During the 17″ century, both England and France made colonies in North America. Although similar, the French settlements differed from the English settlements in many ways. For example, the French had an economy based on the fur trade, while the English had an economy based on tobacco. This emphasis on fur trade rather than extensive settlement led to slow population growth as well as many scattered villages. This was unlike the English settlement of Jamestown which was a centralized colony with a lot of population growth in the late 17″ century.
The French settlements also had good alliances with neighboring Indians, unlike the English. The French relied on the Indians and control of waterways.
They traded European goods for fur with the Indians. The English on the other hand had settlements in the heart of the Powhatan Indian tribe. The English suffered from poor relations with the Indians. They constantly raided each other for food, and had many wars with the Indians. They treated the Indians with ferocity.
The French initial goal to live in the New World led to them being more prepared and successful compared to the English colonies. The French had farmers to produce surplus food and did not suffer from food shortages and hunger like the English settlements. The English settlement goals differed greatly from the French. They started by searching for gold as well as the Northwest passage to Asia. This led to the neglect of crops and a dwindling food supply.
Thus, the English colonies Suffered harsh times and stability problems, unlike the French colonies.
The French settlements also had religious goals, unlike the English. They sent over French Jesuits to convert Indians to the Catholic ways. Jesuits were able to claim thousands of Indian converts. Since only Catholics were sent to live in the French settlements unlike the English, the French settlements differed from the English in population. Few French citizens went to the new world, and 3 out of 4 returned back to France. Canada was seen as a distant and inhospitable place by the French. By 1700, there was only 15 thousand settlers, which was less than 7% of the population of the English settlements. Men in French settlements also married local Indian women, unlike the English men. The French colonies were governed by a governor and intendant who were appointed by France Royals.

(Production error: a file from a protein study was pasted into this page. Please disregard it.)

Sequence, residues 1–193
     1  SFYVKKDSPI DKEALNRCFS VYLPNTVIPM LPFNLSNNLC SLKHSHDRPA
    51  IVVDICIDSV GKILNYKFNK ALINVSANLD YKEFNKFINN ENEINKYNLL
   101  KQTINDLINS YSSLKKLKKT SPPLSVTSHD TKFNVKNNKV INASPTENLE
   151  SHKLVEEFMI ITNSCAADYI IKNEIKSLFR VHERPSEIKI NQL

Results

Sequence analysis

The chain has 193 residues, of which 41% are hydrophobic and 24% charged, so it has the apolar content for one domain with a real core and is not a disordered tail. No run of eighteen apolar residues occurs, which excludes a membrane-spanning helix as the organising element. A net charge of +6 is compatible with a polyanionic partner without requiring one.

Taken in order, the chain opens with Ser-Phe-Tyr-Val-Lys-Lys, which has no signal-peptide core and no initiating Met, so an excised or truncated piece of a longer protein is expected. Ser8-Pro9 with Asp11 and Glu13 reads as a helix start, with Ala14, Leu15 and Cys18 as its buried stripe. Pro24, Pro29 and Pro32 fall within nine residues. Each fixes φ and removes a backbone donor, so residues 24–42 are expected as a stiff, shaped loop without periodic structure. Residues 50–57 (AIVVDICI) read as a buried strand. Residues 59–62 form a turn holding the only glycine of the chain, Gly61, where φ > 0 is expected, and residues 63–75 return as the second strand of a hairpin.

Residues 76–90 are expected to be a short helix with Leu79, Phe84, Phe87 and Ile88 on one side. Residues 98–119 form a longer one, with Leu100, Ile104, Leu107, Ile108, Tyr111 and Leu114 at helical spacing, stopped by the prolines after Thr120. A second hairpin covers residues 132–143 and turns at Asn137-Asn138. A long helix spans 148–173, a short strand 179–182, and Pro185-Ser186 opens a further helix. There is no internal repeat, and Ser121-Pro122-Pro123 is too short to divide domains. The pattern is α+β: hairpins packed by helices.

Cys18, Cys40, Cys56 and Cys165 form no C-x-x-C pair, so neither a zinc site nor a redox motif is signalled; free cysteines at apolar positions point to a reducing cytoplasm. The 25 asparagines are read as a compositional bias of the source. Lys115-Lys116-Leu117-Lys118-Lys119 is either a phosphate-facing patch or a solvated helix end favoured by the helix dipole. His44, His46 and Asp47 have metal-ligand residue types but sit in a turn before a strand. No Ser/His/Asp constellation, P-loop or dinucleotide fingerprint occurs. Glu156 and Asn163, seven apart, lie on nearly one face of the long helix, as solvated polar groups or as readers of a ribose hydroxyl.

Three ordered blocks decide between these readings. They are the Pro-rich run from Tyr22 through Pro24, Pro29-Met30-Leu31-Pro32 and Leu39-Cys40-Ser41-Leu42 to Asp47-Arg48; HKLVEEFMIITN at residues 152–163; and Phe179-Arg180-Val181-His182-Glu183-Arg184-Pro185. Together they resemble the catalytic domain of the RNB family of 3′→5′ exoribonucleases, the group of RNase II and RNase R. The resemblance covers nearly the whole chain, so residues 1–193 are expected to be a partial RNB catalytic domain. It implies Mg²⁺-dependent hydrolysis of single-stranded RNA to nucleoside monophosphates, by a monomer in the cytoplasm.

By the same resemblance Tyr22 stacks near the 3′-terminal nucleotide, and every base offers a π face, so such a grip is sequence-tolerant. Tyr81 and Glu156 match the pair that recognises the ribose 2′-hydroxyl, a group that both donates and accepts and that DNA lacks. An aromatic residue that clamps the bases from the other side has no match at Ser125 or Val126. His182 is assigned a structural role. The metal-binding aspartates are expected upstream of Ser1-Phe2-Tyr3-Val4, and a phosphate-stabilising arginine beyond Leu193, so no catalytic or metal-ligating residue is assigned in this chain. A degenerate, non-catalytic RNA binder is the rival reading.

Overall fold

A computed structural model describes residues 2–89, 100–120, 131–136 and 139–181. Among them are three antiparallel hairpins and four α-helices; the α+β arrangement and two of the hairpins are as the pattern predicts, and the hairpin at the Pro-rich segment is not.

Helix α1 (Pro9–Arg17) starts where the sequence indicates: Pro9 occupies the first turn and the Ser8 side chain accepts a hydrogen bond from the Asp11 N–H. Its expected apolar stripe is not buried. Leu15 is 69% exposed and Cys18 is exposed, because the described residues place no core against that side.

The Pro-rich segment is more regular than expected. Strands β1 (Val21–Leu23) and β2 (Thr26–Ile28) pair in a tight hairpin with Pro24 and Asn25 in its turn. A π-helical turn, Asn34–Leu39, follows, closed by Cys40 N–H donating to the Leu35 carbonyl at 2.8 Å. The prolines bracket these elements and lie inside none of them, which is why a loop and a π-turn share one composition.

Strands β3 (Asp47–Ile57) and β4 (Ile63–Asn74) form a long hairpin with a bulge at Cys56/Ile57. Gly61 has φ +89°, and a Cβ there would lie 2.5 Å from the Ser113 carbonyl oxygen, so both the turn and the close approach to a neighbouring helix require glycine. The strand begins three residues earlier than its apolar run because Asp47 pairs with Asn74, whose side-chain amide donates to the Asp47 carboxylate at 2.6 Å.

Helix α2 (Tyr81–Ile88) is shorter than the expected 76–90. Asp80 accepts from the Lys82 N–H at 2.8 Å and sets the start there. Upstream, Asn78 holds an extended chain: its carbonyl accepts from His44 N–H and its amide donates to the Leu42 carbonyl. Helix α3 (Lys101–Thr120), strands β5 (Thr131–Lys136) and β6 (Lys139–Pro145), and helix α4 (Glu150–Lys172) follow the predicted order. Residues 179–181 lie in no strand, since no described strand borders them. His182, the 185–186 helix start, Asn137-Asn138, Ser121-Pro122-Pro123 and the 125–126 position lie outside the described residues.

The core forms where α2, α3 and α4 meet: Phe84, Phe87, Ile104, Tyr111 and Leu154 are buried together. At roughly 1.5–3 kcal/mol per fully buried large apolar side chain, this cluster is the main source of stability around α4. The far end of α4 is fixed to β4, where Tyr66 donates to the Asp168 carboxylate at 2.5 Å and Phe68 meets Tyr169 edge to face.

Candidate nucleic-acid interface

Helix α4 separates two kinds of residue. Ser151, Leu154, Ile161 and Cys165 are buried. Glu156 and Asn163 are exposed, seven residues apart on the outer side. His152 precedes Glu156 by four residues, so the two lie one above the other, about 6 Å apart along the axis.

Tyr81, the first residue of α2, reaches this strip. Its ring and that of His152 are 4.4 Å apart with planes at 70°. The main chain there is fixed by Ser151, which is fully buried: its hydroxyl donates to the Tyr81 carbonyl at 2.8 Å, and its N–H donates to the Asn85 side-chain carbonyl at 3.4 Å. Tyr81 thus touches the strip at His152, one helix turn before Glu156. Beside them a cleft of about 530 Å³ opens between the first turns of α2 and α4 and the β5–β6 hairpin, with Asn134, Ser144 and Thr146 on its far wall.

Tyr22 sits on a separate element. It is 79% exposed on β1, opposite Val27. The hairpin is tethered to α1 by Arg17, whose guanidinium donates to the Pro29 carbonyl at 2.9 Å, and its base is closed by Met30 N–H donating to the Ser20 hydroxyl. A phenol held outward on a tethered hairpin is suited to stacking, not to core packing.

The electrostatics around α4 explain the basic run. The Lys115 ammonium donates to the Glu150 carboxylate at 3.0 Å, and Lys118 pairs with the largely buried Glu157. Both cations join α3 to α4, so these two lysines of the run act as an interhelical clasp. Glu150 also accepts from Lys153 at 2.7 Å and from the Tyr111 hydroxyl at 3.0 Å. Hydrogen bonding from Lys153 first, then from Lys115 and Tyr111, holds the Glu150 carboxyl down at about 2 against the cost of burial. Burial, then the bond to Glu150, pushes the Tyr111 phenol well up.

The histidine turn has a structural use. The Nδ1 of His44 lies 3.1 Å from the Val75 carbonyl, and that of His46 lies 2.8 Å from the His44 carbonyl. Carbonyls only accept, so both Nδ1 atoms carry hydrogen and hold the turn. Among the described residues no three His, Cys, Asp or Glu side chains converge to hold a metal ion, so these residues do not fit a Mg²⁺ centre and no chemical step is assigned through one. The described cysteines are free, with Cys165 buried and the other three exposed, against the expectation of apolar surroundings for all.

Thus, the French settlements never developed institutions of self-government like the English colonists had. The English colonies, on the other hand, had the House of Burgesses as a form of self-government. The English colonies were appointed a leader name Captain John Smith. Captain Smith used his strict ways to benefit the colony. Harsh rules like the Lawes Divine, Morall, and Martiall were instituted. The King of France sent professional military soldiers to protect the French colonies. Unlike the English, the French built many forts as a form of protection. Unlike the French settlements, the English settlements were located in a swampy region. This led to more infectious diseases due to an increase in mosquitoes and other diseases carrying parasites. The English colonies thus suffered from more disease than the French colonies.
Also unlike the French settlements, the English settlements began transporting Africans to work on tobacco farms in 1619. Unlike the French settlements, the English had a head right system that gave away 50 acres of land for merely coming to the New World. Over time, the English settlements began to spread out further into Indian Territory. The French settlements were denied westward expansion according to the King, unlike the English. However, over time, the French settlements moved westward anyway. Over time, the English settlement of Jamestown, which was a joint-stock colony, became a royal colony. This was unlike the French settlements which were all joint-stock settlements. The English also had a proprietary colony unlike the French. Many of the English colonists were indentured servants who helped grow tobacco. The population thus became mostly made up of young males, unlike the French colonies.